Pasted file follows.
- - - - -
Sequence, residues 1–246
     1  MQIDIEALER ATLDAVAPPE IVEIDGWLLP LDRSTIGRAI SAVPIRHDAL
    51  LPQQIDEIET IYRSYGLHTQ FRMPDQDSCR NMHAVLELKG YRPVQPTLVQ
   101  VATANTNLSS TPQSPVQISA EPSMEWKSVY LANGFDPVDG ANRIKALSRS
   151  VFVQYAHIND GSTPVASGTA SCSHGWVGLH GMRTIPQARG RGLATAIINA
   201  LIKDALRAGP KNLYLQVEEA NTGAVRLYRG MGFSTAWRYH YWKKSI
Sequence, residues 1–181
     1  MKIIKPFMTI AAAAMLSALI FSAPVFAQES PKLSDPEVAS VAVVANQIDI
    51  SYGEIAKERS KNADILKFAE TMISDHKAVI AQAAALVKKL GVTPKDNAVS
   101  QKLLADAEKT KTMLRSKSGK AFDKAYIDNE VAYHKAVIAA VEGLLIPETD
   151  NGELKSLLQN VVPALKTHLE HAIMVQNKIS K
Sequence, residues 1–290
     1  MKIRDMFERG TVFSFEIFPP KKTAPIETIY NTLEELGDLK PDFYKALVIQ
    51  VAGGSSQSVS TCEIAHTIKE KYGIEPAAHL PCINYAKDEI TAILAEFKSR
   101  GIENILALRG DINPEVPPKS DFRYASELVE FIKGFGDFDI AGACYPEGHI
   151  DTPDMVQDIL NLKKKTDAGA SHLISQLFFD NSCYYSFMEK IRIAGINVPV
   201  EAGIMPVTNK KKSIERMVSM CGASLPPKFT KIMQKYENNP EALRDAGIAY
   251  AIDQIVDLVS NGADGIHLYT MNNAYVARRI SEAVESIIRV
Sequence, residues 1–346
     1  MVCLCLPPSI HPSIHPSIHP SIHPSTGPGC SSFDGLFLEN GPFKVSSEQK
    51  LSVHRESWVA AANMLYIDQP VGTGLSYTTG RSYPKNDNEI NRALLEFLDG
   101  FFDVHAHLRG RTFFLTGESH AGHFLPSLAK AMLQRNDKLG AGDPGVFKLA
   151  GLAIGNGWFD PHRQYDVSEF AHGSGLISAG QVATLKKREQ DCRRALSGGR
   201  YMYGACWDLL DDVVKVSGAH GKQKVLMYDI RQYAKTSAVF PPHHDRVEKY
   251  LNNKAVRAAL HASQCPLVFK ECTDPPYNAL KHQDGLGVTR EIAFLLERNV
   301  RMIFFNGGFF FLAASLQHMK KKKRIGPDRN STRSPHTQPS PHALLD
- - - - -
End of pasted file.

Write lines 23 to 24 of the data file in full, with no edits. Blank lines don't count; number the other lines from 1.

   151  GLAIGNGWFD PHRQYDVSEF AHGSGLISAG QVATLKKREQ DCRRALSGGR
   201  YMYGACWDLL DDVVKVSGAH GKQKVLMYDI RQYAKTSAVF PPHHDRVEKY